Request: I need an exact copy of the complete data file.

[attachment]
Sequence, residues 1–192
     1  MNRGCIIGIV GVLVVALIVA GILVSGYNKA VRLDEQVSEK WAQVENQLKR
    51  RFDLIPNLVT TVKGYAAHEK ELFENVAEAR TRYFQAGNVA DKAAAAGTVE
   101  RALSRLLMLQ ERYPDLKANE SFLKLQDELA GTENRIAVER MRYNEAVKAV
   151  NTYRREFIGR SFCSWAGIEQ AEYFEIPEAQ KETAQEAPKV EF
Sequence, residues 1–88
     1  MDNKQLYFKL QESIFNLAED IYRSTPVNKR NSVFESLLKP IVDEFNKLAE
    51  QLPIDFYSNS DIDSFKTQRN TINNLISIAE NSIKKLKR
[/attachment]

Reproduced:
Sequence, residues 1–192
     1  MNRGCIIGIV GVLVVALIVA GILVSGYNKA VRLDEQVSEK WAQVENQLKR
    51  RFDLIPNLVT TVKGYAAHEK ELFENVAEAR TRYFQAGNVA DKAAAAGTVE
   101  RALSRLLMLQ ERYPDLKANE SFLKLQDELA GTENRIAVER MRYNEAVKAV
   151  NTYRREFIGR SFCSWAGIEQ AEYFEIPEAQ KETAQEAPKV EF
Sequence, residues 1–88
     1  MDNKQLYFKL QESIFNLAED IYRSTPVNKR NSVFESLLKP IVDEFNKLAE
    51  QLPIDFYSNS DIDSFKTQRN TINNLISIAE NSIKKLKR